Each year, the American Society of Golf Course Architects conducts our annual meetings – always a different venue. In April, we held our event at The Woodlands in Houston. Each day is a mixture of business meetings, continuing education, formal dinners and….golf.
Maybe the title got your attention… Just talking golf holes here - mainly the short-ish ones… especially the 4’s under 340 yards and the 3’s under 120 yards.
I’ve certainly enjoyed my share of “perks” while working in the golf industry. And while work often supersedes many of the opportunities presented, once in a while I get to take in some really unique golfing experiences. One such opportunity came about this past season when I was invited to visit Lake Zurich Golf Club in the north suburbs of Chicago.
I’m fresh off one of the greatest golf tours in my life… the Heath & Links Tour of England. For those who tracked my daily journal entries, hopefully you gained some sense of what we were exposed to over those ten days. And for those who did not – or simply want to gain a general perspective of the experience, this final journal entry will hopefully inspire.
In an era where golf courses have fallen defenseless to the almighty length of touring professionals, we’ve seen fairways narrowed, bunkers added, trees planted, higher rough, conditions firmed up and green speeds lowered to the point that balls roll well beyond the tolerance of designed contours. Why? Because yes, “these guys are THAT good”.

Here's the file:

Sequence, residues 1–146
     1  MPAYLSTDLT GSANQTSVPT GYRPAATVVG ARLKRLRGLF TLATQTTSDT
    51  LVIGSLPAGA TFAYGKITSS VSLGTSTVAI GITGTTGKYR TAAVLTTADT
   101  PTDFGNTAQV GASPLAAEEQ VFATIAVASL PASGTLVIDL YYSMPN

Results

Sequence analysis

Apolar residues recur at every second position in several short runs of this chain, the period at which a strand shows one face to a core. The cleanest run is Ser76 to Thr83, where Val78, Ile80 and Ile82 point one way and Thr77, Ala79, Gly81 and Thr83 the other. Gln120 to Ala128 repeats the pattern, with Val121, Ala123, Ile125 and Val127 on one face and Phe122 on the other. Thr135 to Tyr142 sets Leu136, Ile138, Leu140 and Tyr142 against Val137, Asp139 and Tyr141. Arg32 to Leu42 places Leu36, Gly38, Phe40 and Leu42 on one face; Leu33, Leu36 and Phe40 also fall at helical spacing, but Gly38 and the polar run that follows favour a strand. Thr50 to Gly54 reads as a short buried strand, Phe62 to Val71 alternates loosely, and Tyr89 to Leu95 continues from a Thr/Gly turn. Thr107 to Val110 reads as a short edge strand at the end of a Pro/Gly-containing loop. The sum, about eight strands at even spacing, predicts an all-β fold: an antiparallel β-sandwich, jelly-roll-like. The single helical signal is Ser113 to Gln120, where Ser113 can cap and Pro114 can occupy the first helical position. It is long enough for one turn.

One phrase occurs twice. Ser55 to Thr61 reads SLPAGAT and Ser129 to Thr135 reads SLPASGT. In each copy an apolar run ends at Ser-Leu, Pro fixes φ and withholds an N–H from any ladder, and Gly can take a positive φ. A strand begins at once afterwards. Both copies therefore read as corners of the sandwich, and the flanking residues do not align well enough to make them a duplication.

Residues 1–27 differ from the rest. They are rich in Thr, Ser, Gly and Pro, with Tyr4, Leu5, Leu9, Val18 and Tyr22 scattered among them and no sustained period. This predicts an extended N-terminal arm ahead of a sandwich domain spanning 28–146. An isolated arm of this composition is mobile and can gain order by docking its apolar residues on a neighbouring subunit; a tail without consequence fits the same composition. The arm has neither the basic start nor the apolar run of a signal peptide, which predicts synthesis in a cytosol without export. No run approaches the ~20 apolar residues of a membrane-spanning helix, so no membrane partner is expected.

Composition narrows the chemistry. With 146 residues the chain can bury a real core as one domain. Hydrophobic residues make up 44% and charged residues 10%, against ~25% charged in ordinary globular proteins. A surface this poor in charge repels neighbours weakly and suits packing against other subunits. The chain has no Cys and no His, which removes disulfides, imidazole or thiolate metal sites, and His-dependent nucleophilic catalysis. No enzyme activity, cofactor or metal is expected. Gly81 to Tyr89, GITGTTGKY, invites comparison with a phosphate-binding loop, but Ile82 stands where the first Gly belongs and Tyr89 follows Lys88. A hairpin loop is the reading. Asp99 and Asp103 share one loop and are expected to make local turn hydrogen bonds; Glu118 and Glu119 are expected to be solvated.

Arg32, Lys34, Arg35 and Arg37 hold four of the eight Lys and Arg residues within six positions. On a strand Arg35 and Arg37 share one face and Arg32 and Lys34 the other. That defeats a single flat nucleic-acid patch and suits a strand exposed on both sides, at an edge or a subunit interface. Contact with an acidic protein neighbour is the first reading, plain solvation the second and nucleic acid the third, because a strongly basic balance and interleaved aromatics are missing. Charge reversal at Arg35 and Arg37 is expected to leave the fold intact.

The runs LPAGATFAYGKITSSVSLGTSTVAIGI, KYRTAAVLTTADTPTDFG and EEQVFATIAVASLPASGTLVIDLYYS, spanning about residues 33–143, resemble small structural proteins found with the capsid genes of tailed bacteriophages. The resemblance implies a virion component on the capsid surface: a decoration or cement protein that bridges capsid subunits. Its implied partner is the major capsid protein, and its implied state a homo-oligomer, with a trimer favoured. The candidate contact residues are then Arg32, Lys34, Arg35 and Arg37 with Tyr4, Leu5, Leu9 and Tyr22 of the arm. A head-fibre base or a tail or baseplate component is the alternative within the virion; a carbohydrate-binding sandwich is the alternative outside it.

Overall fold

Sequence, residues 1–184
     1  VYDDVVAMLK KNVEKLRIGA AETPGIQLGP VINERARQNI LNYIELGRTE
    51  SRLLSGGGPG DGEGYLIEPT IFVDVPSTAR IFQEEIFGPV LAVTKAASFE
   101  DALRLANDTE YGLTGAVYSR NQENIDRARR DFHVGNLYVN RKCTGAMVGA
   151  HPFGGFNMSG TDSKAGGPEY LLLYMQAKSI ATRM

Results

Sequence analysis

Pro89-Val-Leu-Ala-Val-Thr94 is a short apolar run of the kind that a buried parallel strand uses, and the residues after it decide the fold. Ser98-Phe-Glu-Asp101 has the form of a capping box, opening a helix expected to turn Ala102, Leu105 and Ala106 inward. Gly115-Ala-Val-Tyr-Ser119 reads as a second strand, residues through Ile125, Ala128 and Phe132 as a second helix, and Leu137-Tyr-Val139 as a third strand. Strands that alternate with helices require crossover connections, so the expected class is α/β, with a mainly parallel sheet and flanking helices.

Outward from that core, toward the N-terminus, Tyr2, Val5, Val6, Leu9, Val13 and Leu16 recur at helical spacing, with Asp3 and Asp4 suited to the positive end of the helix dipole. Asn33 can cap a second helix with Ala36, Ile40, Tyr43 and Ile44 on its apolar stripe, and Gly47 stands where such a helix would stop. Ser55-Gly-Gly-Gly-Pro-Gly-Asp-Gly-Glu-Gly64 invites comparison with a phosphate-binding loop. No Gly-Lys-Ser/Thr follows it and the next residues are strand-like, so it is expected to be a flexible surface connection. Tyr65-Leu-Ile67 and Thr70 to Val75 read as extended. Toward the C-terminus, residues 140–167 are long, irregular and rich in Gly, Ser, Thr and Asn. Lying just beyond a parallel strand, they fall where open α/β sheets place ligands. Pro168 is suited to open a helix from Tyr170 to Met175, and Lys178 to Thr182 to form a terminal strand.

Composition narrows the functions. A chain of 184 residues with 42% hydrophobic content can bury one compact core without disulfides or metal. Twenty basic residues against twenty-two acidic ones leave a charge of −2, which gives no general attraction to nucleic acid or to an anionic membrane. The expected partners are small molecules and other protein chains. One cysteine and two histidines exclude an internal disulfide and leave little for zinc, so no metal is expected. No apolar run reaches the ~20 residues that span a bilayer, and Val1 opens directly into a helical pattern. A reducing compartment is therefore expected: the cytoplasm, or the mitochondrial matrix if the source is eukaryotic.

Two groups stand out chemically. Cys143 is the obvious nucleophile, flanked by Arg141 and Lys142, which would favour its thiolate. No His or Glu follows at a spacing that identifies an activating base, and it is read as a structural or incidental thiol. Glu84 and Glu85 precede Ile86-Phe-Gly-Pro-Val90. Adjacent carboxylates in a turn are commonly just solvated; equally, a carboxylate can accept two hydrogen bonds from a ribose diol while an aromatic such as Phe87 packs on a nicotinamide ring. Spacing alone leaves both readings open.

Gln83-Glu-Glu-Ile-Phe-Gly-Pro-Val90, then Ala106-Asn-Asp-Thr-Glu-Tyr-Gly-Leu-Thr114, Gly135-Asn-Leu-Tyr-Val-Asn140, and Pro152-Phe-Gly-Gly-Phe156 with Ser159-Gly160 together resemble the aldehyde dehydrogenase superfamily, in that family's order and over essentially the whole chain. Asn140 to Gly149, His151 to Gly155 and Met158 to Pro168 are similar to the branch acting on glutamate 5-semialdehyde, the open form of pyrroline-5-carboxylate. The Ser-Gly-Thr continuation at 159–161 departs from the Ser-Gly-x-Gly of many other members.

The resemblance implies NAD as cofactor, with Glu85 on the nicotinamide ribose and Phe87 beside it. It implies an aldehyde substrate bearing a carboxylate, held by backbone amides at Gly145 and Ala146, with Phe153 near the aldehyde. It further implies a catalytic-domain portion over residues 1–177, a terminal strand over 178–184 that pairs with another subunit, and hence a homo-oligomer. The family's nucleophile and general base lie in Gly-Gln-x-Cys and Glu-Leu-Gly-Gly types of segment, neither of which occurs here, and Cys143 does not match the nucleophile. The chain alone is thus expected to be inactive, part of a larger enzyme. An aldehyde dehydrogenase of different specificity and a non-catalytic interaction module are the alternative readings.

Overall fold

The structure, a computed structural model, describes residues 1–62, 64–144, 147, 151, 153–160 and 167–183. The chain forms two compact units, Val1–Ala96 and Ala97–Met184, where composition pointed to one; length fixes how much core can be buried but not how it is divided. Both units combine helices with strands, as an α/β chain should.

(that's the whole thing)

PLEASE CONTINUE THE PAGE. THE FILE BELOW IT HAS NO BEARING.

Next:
As you might imagine, architects get pressed quite often to profess our opinions about what makes one golf course better than another. And while I think that is more an individual preference (or left to magazines), there are some courses that stand out among the rest.
It seems that golf is at least somewhat inherently fun for most of us, right? Maybe because of the challenge it present - man against golf course. Perhaps it is the camaraderie one can enjoy with friends. For some it might be the competitive encounters.
Surely by now the word is out….there is a world class golf resort on the coast of southern Oregon. It's called Bandon Dunes. There are four 18-hole courses on the property and they’re all ranked among the Top 100 in the US.
Day three found us at Maidstone Club, again on the east end of Long Island. Maidstone opened in 1891 as a tennis and swimming club and then added a three-hole golf course in 1894.
This is the second installment of four entries, or otherwise the second day of the trip. Day two found us at the National Golf Links of America, on the eastern tip of Long Island on Peconic Bay.